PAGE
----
Another important comment is that the long-term returns on any investment always seem best just before the investment collapses. That’s the way the financial world works: Like a cat with a mouse, Mr. Market plays with his prey before killing it.

Investments go up. At the top, they look like winners. At the bottom, the picture is completely different. Then the line on the graph is pointing down, not up. And the record clearly shows that this investment is a big loser. Long-term investors see that this is something to stay away from, not something to buy.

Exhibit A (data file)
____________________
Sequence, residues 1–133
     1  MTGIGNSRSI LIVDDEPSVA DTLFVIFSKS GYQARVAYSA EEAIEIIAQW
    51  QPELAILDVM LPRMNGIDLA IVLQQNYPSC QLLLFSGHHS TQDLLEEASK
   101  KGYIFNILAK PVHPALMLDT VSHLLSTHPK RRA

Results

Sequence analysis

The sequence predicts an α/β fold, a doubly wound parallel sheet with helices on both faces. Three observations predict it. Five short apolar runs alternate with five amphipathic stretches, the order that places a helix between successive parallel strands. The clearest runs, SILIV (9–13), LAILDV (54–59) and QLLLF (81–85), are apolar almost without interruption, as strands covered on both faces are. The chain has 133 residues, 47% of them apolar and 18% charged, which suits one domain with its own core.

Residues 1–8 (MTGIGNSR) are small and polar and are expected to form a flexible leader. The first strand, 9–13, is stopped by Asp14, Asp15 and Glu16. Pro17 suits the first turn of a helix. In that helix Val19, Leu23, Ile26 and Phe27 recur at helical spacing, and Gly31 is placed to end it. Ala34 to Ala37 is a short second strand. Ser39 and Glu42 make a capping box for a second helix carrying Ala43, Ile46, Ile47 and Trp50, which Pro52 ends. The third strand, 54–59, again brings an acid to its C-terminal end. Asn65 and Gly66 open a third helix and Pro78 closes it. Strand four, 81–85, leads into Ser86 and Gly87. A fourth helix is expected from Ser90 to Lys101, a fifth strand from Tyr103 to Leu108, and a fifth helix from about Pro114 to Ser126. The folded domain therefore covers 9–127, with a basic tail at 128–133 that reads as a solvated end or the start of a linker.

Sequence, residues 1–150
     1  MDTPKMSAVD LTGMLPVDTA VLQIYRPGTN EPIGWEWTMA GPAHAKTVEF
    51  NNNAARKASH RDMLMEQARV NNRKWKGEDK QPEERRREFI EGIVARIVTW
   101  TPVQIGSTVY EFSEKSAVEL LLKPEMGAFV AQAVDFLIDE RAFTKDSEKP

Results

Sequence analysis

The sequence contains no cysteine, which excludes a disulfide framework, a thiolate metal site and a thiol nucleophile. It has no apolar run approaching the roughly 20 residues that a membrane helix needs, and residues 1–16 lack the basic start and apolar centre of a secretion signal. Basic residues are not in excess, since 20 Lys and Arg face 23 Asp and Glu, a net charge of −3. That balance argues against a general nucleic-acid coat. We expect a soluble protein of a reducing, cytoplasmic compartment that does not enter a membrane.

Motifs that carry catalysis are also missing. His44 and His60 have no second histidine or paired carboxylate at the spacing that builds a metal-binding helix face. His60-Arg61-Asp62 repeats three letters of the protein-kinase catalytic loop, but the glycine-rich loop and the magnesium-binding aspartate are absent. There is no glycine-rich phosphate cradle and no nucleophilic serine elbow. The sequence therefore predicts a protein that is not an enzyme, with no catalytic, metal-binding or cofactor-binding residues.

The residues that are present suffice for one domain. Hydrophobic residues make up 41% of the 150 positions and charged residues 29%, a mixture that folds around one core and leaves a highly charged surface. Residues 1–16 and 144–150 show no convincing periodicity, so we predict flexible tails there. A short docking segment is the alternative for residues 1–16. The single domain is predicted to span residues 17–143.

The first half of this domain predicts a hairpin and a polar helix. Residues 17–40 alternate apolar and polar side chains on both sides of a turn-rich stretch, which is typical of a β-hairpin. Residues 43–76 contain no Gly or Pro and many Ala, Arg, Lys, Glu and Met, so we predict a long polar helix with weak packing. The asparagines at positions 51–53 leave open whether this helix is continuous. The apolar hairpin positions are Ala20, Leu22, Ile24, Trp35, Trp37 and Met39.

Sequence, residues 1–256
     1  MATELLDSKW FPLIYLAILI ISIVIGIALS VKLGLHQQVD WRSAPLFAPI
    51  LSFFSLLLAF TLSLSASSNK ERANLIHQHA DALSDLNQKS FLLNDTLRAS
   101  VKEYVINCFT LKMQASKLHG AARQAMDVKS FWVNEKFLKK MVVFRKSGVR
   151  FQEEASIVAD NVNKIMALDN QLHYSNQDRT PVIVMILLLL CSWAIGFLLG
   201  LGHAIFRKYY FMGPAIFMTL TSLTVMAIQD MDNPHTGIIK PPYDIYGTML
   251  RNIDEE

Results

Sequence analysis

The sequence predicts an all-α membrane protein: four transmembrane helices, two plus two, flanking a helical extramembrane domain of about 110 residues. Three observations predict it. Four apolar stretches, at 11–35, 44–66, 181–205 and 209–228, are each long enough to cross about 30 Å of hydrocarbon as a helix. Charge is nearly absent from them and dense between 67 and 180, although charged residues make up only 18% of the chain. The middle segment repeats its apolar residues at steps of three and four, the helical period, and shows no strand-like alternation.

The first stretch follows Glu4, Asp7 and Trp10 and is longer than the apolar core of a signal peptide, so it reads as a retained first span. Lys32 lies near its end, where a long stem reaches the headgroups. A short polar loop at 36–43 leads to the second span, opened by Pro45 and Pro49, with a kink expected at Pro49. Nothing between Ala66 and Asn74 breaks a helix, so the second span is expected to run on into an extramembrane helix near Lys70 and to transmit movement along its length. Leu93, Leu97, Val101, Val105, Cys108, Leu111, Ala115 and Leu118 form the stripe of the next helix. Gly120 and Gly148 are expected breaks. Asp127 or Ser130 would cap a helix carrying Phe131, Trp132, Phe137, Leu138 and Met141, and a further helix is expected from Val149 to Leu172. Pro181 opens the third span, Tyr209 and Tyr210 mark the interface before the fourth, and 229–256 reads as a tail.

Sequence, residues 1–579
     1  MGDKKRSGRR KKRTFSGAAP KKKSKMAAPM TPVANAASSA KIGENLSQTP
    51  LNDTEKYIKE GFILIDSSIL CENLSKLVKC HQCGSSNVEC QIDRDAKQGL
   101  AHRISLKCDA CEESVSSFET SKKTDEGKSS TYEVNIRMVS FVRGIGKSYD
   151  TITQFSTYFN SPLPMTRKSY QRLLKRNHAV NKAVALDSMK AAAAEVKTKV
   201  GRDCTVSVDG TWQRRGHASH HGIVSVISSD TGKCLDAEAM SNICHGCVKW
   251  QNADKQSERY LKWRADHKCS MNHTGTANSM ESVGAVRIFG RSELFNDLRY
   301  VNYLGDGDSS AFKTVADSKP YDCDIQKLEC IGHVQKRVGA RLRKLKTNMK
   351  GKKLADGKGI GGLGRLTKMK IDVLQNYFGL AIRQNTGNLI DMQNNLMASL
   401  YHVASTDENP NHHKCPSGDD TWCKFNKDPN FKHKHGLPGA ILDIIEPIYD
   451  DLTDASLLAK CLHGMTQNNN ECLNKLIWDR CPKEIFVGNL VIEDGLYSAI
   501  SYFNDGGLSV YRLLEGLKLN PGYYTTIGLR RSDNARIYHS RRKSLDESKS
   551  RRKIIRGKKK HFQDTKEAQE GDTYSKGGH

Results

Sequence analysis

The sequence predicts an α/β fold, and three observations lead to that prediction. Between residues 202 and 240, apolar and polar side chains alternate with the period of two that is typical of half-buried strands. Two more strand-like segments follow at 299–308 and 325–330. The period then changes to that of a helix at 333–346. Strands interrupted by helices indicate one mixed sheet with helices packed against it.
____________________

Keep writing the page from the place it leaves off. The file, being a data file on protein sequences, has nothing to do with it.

The ups and downs of a market are as natural as the change of seasons. They should be expected. Instead, investors are shocked and appalled every time the temperature falls.

That’s why it is so important to know more about the investing world than just about investing itself. You also have to “know thyself.” As Richard Smith pointed out, if you don’t, the markets will teach you. And it will be a very expensive tuition.


SocratesInvestment advice handed down by ancient Greeks


Charts by: StockCharts, St. Louis Federal Reserve Research


The above article is taken from the Diary of a Rogue Economist originally written for Bonner & Partners. Bill Bonner founded Agora, Inc in 1978. It has since grown into one of the largest independent newsletter publishing companies in the world. He has also written three New York Times bestselling books, Financial Reckoning Day, Empire of Debt and Mobs, Messiahs and Markets.